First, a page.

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First off today, Amol Sharma and Shalini Ramachandran at The Wall Street Journal reports that U.S. TV broadcasters including ABC, CBS, NBC and Fox have filed a written petition with the Supreme Court in the Aereo case that not only outlines its arguments, but also says that it may cause the to stop offering free broadcast television or scale back such offerings.
Aereo is a TV streaming service that uses a series of antennas, one per customer, to capture over-the-air broadcast television and stream it to customers via the Web. Aereo has argued that it is no different than what users can do in their own home, however, broadcasters have sued with mixed results. Though a Utah court recently granted an injunction against Aereo, the New York court did not and the appeal of that denial has now reached the Supreme Court.
Though most of the filing restated arguments previously made by the broadcasters, they also claimed that, if Aereo is allowed to continue, broadcasters could scale back over the air programming or convert their services to cable channels. The broadcasters say that, if Aereo is allowed to continue, cable companies may use similar workarounds to avoid paying retransmission fees, which are worth billions each year.
Next up today, Ted Johnson at Variety reports that a a federal judge has said she is inclined to dismiss a lawsuit filed against Warner Brothers over the film “Trouble with the Curve”.
The lawsuit was filed by screenwriter Randy Brown, who claims that he came up with the idea for the movie in the 1990s. However, the judge disagreed saying that the two stories were “very different” and said she would issue a summary judgment order in the case shortly.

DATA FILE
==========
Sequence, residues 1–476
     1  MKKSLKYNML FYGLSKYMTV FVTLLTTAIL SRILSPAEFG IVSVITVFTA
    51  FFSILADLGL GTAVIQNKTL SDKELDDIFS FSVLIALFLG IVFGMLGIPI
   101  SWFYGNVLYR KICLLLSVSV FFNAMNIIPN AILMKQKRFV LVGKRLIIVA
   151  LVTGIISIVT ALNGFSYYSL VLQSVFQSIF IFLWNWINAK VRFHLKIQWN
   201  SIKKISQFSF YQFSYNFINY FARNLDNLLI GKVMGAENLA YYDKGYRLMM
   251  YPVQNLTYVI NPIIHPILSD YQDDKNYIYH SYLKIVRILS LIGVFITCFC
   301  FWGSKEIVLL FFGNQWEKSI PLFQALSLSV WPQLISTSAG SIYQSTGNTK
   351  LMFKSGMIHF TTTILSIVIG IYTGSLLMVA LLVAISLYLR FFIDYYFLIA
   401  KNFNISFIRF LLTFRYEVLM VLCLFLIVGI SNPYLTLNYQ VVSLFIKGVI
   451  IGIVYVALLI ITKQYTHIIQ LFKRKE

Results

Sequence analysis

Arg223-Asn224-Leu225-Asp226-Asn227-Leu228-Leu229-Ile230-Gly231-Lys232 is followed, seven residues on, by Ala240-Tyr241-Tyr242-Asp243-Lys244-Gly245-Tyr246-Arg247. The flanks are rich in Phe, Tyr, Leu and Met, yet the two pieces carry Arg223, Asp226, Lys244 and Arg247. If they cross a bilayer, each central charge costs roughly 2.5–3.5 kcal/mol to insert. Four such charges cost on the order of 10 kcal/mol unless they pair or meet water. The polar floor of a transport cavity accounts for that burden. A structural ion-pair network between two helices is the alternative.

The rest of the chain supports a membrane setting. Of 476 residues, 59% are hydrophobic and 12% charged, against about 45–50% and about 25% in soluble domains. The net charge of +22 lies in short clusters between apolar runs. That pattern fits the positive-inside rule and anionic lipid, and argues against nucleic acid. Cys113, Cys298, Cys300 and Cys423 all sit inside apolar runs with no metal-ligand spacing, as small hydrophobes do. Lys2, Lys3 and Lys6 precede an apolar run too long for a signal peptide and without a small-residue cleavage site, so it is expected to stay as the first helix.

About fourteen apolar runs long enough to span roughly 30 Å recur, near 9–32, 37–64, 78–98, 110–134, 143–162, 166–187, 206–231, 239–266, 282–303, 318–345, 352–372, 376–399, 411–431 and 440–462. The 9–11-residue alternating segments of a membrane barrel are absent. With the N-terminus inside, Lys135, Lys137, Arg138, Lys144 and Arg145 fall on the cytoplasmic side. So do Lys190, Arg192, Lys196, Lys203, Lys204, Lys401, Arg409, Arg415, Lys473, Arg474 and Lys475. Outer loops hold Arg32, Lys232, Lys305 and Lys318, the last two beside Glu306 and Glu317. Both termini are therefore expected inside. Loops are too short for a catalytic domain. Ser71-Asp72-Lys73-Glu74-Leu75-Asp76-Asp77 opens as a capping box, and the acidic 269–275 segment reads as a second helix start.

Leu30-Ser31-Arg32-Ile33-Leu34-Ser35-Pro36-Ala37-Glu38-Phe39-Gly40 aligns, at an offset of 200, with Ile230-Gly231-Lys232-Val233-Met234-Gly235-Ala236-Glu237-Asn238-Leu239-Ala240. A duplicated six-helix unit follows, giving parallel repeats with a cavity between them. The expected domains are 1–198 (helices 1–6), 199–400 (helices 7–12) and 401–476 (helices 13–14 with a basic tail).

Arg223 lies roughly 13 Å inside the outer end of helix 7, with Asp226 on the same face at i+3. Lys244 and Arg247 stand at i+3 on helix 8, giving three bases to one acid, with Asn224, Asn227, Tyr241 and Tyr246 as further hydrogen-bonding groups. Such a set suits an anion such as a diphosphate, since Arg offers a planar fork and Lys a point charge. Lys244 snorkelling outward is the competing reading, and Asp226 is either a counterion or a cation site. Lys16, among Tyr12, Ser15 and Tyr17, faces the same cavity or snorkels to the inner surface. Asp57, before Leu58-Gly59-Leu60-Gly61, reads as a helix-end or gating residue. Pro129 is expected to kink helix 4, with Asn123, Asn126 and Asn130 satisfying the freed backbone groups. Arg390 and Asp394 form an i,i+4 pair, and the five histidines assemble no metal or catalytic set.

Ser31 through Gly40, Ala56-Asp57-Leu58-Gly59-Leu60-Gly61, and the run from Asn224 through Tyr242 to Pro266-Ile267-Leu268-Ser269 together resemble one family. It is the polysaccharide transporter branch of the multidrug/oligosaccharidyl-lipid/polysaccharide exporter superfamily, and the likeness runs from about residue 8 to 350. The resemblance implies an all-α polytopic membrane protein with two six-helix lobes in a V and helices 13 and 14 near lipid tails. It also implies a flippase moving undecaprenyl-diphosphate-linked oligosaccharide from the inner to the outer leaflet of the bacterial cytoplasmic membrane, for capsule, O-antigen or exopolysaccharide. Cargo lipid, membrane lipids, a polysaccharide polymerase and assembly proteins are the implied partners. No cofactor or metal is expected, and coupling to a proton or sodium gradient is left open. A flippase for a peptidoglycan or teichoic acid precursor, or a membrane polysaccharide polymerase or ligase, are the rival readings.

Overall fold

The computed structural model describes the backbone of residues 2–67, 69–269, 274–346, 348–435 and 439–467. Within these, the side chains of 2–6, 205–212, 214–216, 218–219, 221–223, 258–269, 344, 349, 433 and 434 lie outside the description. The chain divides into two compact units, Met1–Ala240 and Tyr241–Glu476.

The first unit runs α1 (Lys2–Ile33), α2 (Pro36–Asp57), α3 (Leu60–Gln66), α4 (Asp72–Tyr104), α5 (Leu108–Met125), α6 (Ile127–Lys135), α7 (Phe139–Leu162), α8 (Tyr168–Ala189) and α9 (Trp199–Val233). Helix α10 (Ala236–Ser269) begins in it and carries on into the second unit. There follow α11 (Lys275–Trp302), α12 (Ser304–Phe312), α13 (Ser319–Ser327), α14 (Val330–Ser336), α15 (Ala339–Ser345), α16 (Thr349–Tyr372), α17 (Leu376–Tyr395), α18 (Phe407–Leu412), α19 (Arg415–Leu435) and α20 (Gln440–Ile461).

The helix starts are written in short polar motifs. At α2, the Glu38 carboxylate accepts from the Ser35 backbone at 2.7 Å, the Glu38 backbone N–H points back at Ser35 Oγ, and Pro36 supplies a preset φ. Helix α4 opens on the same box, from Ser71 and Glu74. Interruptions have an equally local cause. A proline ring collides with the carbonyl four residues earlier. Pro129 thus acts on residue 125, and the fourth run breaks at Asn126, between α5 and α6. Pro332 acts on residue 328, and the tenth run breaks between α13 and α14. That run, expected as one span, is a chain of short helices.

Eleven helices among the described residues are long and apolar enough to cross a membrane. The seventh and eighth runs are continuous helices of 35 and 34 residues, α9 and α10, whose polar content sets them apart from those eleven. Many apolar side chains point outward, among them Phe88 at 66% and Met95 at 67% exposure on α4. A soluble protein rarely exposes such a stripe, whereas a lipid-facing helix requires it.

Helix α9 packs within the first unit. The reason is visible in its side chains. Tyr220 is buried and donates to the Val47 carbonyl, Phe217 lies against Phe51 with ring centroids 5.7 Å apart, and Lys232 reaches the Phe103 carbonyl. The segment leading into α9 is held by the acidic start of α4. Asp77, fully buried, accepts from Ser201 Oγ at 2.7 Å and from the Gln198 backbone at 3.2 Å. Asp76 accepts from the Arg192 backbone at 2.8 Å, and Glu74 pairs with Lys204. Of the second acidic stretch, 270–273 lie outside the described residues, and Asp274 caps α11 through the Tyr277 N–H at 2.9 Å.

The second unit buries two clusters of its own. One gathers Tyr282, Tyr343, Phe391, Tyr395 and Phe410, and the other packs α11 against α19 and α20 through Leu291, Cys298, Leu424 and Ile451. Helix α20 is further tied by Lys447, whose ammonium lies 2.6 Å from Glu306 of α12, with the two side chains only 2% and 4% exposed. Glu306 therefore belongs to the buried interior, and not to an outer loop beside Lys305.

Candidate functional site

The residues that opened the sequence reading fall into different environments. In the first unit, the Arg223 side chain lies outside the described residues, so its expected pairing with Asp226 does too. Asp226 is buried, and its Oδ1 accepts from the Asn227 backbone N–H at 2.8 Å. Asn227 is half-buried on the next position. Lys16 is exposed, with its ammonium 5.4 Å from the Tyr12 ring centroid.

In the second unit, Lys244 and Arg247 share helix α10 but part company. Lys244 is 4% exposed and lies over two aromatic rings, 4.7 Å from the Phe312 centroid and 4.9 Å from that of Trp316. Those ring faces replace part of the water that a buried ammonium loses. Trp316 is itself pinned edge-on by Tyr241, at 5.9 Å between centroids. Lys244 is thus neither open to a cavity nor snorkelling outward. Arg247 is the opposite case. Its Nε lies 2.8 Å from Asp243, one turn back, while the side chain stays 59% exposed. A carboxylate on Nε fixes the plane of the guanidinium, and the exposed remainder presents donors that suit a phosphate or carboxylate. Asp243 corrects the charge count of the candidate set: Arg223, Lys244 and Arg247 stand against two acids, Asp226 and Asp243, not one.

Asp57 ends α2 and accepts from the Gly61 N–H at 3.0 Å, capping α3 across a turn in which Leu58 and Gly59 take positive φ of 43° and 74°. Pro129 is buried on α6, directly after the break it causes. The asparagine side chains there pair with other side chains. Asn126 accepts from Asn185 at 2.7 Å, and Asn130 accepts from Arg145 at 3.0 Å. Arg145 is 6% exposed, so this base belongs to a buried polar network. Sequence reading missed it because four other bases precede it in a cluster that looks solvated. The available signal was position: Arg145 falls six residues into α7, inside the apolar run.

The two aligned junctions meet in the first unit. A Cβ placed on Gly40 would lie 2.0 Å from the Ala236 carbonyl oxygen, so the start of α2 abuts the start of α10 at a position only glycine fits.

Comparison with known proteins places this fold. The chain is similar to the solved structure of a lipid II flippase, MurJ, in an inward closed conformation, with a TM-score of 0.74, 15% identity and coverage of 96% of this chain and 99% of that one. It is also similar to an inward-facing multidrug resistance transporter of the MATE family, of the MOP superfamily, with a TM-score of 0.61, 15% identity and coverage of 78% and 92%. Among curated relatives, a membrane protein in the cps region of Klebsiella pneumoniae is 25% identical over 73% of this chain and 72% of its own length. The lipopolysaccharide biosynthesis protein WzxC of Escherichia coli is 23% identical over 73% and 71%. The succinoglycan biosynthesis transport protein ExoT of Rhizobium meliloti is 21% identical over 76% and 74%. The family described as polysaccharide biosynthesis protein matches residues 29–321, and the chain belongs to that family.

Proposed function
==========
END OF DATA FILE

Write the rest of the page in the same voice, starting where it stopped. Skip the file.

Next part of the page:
The lawsuit has been particularly bitter as Brown accused Warner Brothers of tampering with evidence and called Ryan A. Brooks, the listed screenwriter, an “impostor”. Warner called those claims “reckless”.
Finally today, Andy at Torrentfreak writes that a Twitter user by the name of @555uhz has earned attention from lawyers from Paramount Pictures of his unusual activity os posting a frame from the film “Top Gun” every thirty minutes.
The channel, which was recently suspended, would have taken several months to get through the full film. It had put out over 1,500 tweets and attracted nearly 7,000 followers. However, a DMCA notices from Paramount Pictures claimed that the account was infringing their copyright and, sometime later, the account went down.
Whether the suspension was caused by the DMCA notice or due to another violation of the Twitter terms of service. The full DMCA notice is available on Chilling Effects.
That’s it for the three count today. We will be back tomorrow with three more copyright links. If you have a link that you want to suggest a link for the column or have any proposals to make it better. Feel free to leave a comment or send me an email. I hope to hear from you.
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